Another of the casualties of the various schisms within skepticism and atheism speaks out. Hayley Stevens has long been exasperated with movement skepticism, and she explains why.
Nothing is ever going to change because Skepticism has several large problems that it will fail to ever address effectively:
- the movement often allows irrational people to be elevated to positions of power from which they’re almost untouchable when it comes to criticism
- the skeptic movement is full of creepy men who don’t know how to behave appropriately around other people and they won’t go away.
- the skeptic movement is full of the kind of people who support these bad people unquestioningly.
- the skeptic movement is full of echo-chambers in which specific versions of truth are created and from which any information that counters this is shot down and, sometimes, even censored.
That first problem is a common one in new institutions. The skill set to be a good charismatic public representative rarely involves the skill set that is required to be a good, fair manager. Most college professors, myself included, would be totally incompetent in the role of university chancellor…but academia at least has a career path through administration that leads to better training in administrative roles. If you’re a skeptic/atheist who writes a best-selling book, presto, you’re the head of a foundation. That’s often a recipe for catastrophe.
Her second point is true of everything. I can’t single out skepticism for that at all…although the habit of these movements in promoting people well above their competence means the creepy guys get power and never learn to restrain themselves.
The third point…oh, boy is that true. Take a look at the promotional materials for far too many cons and presentations: all any impresario has to do is make a poster with the name of one of the handful of popular speakers in a gigantic bold font, with the date, time, and place below, and the audience will appear. They don’t even care what he (note: they’re all “he”) will say, what the purpose of the talk is about, what issues will be discussed. It doesn’t even need a title anymore. Lesser beings within the movement still have to announce a subject for their talks, but we’ve built a movement around personalities rather than ideas lately.
As for the fourth point, Stevens expands on it herself.
That final point is why I started this article by mentioning Guerrilla Skepticism on Wikipedia — the self-appointed information masters of Wikipedia who operate from within a private internet forum and seem to focus on two things:
- working exhaustively to edit paranormal/supernatural related articles
- working exhaustively to edit the Wikipedia profiles of Skeptic celebrities, including people who are terrible people and criminals.
It is my opinion that their brand of skepticism is not the good kind. Recently, the Centre for Inquiry (CFI) appointed the head of the ‘Guerrilla Skepticism’ group, Susan Gerbic, as a Fellow which shocked me for a number of reasons. Firstly, because I don’t think Gerbic and her team of editors are very good champions of the skeptic movement. Secondly, when Dr Karen Stollznow spoke out about her experiences of harassment at the hands of a colleague at CFI, Gerbic’s son wore a t-shirt which stated he was on the “team” of the accused, to a lecture that Stollznow was delivering at an event. Secondly, it was Gerbic who added the photo to Wikipedia of Harriett Hall wearing an anti-skepchick t-shirt at TAM.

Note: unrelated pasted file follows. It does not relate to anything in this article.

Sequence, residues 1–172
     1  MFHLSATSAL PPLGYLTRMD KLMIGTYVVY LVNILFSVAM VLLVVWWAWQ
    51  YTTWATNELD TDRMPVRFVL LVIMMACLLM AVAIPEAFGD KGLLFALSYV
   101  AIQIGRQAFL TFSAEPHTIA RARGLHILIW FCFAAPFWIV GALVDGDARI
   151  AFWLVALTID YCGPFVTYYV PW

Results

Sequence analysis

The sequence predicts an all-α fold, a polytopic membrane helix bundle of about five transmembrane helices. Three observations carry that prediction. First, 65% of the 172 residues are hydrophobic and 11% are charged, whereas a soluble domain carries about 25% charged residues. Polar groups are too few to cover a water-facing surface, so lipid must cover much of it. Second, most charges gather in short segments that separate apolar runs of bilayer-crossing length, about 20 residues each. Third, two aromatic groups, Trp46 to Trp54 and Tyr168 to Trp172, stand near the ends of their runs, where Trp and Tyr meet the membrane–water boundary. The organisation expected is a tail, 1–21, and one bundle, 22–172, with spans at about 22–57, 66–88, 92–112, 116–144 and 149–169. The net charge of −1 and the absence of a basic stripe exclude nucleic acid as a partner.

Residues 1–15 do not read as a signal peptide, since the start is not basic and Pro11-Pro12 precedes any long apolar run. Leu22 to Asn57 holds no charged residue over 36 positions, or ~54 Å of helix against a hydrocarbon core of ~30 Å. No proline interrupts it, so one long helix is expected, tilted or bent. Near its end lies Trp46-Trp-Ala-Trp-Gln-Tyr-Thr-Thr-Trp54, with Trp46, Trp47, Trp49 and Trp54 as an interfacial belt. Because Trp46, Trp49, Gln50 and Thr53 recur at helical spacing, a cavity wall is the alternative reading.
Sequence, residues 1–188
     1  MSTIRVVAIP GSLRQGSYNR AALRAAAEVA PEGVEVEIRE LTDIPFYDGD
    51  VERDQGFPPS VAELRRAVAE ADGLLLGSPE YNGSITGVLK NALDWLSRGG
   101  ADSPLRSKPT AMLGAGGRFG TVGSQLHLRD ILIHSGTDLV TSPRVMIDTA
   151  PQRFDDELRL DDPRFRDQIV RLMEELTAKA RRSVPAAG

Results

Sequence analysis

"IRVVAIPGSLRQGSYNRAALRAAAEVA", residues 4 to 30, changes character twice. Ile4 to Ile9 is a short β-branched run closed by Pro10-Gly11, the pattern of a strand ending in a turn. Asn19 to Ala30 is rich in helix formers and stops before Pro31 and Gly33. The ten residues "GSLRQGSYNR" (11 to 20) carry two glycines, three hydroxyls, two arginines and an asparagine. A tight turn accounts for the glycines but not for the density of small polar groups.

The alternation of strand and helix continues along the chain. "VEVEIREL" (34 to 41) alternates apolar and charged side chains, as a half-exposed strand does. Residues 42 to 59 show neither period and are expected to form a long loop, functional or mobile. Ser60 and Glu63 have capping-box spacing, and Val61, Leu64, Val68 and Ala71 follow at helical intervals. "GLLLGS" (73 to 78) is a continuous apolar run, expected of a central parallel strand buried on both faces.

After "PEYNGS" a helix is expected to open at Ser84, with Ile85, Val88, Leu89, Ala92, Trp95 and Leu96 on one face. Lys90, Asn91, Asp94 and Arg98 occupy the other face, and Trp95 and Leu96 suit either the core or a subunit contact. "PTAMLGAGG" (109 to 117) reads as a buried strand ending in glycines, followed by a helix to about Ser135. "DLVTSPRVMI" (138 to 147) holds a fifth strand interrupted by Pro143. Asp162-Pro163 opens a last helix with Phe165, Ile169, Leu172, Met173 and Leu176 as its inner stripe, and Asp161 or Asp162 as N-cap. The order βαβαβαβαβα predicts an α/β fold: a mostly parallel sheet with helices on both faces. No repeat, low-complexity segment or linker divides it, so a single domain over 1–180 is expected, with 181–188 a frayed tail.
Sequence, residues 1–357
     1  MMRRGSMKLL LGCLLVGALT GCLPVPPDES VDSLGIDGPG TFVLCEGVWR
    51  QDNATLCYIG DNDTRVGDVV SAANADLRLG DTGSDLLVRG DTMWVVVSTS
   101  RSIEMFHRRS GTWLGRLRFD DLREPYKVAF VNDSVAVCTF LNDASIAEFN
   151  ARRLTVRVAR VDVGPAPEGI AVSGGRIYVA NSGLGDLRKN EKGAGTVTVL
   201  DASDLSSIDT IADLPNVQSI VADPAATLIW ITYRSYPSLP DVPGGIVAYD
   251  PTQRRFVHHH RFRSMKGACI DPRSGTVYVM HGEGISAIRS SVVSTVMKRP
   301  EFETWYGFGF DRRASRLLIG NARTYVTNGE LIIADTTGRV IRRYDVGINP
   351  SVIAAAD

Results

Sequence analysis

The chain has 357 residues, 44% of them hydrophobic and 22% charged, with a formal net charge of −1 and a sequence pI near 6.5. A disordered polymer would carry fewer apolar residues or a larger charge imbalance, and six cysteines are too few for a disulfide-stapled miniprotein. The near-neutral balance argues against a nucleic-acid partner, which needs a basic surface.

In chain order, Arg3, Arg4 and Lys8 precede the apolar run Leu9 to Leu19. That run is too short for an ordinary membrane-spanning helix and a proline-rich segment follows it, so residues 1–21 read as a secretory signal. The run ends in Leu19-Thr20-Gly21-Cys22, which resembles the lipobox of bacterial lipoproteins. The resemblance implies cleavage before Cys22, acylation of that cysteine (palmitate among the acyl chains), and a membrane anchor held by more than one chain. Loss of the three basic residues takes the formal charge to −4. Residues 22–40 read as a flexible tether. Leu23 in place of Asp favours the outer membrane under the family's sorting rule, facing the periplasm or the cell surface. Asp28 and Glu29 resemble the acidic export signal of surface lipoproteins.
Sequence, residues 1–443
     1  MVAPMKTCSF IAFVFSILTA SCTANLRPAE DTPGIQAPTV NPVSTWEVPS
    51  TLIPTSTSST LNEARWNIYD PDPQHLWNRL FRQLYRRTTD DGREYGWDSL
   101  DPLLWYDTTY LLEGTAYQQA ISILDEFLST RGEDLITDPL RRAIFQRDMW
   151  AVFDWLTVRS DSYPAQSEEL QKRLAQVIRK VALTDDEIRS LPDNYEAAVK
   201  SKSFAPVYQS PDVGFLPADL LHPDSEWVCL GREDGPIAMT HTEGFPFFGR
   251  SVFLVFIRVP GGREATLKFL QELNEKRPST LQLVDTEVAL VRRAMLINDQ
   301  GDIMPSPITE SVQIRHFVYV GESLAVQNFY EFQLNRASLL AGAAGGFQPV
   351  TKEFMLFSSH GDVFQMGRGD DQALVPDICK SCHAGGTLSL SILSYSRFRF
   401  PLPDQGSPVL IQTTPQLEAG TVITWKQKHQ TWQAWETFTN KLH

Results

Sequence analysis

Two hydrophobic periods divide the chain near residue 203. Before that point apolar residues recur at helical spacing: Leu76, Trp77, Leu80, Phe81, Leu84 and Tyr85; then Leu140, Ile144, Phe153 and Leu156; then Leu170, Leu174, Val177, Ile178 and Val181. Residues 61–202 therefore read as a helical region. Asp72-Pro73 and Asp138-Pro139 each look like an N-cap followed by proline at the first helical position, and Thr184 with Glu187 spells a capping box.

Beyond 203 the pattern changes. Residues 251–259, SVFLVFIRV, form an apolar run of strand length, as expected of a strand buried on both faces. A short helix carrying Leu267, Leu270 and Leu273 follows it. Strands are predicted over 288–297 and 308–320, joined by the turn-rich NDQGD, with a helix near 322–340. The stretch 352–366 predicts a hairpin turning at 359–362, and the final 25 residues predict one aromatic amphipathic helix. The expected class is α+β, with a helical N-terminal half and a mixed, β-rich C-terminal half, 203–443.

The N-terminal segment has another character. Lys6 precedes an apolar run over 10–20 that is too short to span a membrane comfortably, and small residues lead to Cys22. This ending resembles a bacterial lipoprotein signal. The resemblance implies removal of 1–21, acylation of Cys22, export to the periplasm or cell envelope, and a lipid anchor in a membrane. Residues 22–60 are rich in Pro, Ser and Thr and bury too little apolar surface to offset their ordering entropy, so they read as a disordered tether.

It’s a good thing to have motivated people monitoring Wikipedia for supernatural nonsense, demanding some empirical rigor in articles. I approve of that. I’m not at all keen on the idea of a group of people who feel it is their mission in life to scrub all the blemishes off of their favorite skeptic celebrities, or worse, to slant articles to favor their preferred regressive skeptics.
For example, the “team” Gerbic’s son favored was “Team Radford” — there was quite a conflict within the movement over Radford’s contemptible behavior towards Karen Stollznow, and his lawsuit to silence her. He’s also been a denialist of the existence of the influence of stereotyping of the sexes, and a champion of the most trivial claims of evolutionary psychology.
But take a look at Radford’s wikipedia page. It’s huge. Every minor accomplishment is a triumph.
Did you know he “solved the mystery of the ‘Santa Fe Courthouse Ghost'”? He debunked the White Witch of Rose Hall! He’s also the world’s foremost expert on the Chupacabra. Yay. These feats of ‘brilliance’ are described at tedious length.
That he’s a serial harasser, that he once posted photos of himself in bed with a woman so he could leverage a lawsuit, that he pressured that woman to surrender and settle a suit in his favor by threatening to hound her through her pregnancy and labor, that he threatened to sue me unless I released evidence of a conspiracy (I did!), that he threatened to sue Rebecca Watson, that he belittles rape statistics, that thinks girls have a biological preference for pink, that he likes to bully four-year-old girls (and loses) — none of that is anywhere in his Wikipedia page. The guy is a toxic mess, but his wiki entry has been buffed to a high gloss.
That kind of willful blindness is one reason I am so over the skeptic movement.
It’s great that we have a dedicated group of watchmen keeping an eye on wikipedia to prevent supernatural crap from leaking in, but who watches the watchmen? They’ve got some strong biases, but they don’t have the discipline to prevent that from dribbling in.